The Recording Industry Association of America (RIAA) has released its 2015 full-year numbers, which arrive bearing both good and bad news.
The good: The U.S. recorded music business brought in more money last year than the year prior — by a slim margin — reporting revenues of $7.016 billion, up from from $6.951 billion, an increase of 0.09 percent.
The bad: While streaming explodes, the RIAA’s numbers, when measured against Nielsen Music unit counts, point to the the per-stream rate dropping, as overall streaming revenue is on the rise. Billboard estimates, when the RIAA’s dollar numbers for interactive paid and ad-supported streams are plotted against Nielsen Music’s streaming counts for 2015 — of 317.2 billion streams — and for 2014 — of 164.5 billion streams — the blended interactive per-stream rate for audio and video drops 24 percent, to $0.00506 in 2015, from $0.00666 in 2014. (Note that this blended rate is a rough estimate; services all pay differently, and the RIAA’s numbers are extrapolated to reflect the per-stream rate at retail, while the ad-supported streams are not. The retail rate doesn’t reflect what is paid to labels, and thus artists.)
The RIAA notes that, for the first time, streaming revenue accounted for 34.3 percent of the industry’s revenue last year. Compare that to download sales, which made up 34 percent of revenues, physical with 28.8 percent, and synch at 2.9 percent, and the primacy of streaming starts to become clear. That per-stream rates are dropping as consumption volume increases isn’t a surprise, but it is a thorny underside to the recording industry’s most promising market.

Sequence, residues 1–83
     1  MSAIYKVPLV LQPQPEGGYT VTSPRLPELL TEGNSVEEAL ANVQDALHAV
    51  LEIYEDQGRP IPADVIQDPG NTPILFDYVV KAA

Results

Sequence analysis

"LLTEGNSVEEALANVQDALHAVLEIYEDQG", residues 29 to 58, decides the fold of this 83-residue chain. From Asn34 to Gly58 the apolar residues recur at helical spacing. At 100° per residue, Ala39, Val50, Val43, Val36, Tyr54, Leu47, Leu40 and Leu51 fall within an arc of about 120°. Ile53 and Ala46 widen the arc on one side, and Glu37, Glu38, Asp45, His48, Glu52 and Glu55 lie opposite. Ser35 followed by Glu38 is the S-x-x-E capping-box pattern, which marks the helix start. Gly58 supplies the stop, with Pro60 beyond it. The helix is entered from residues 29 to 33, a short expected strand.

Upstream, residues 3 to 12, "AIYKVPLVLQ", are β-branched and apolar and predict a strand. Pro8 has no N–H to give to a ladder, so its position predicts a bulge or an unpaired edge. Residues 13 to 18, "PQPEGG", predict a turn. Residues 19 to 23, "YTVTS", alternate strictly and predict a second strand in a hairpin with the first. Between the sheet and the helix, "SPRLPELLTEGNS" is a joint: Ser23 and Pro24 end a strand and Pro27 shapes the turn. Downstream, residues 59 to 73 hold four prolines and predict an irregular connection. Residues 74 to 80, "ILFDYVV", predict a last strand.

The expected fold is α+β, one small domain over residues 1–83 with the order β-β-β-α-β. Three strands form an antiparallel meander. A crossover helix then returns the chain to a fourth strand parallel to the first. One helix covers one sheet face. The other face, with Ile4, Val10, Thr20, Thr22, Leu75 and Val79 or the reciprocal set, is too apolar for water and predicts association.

Paid subscription revenue increased 52.3 percent, to $1.22 billion, compared to $800.1 million in 2014. Ad-supported streaming revenue increased 30.6 percent to $385.1 million.
Overall digital revenue, including downloads and streams, increased 6.2 percent to $4.8 billion, from $4.51 billion in 2014, accounting for a combined 70 percent of overall sales, up from 67 percent in 2014.
Digital sales revenue, with streaming revenues removed, fell 10.4 percent, to $2.32 billion. Within that, unit counts for albums fell to 109.4 million from 117.6 million, a 7 percent decline; while track downloads fell to 1.02 billion from 1.2 billion, a 14.9 percent decline
SoundExchange distributions for programmed streams totaled $802.6 million, up 3.8 percent.
Moving over to physical formats, the total retail value of CDs, vinyl and DVDs of albums and singles fell 10.1 percent, to $1.9 billion. CD albums, the generator for the lion’s share of physical revenue, fell to $1.521 billion, from $1.83 billion in 2014. Unit counts fell to roughly 123 million, from about 143 million. Vinyl continued its inexorable revitalization, generating $423 million from 16.9 million album sales and half a million singles, an increase of 31.8 percent.
Finally, the RIAA noted that synchronization royalties paid to labels jumped 7 percent, to nearly $203 million.
It’s important to note labels typically sell CDs at wholesale (65 percent of retail), while downloads typically sell at 70 percent of retail (think Apple’s infamous 30 percent cut from iTunes Store sales). Streams usually pay, depending on the model, between 45 and 60 percent. Again, the RIAA’s numbers reflect retail sales — meaning that the above numbers don’t reflect how much music labels received for their music.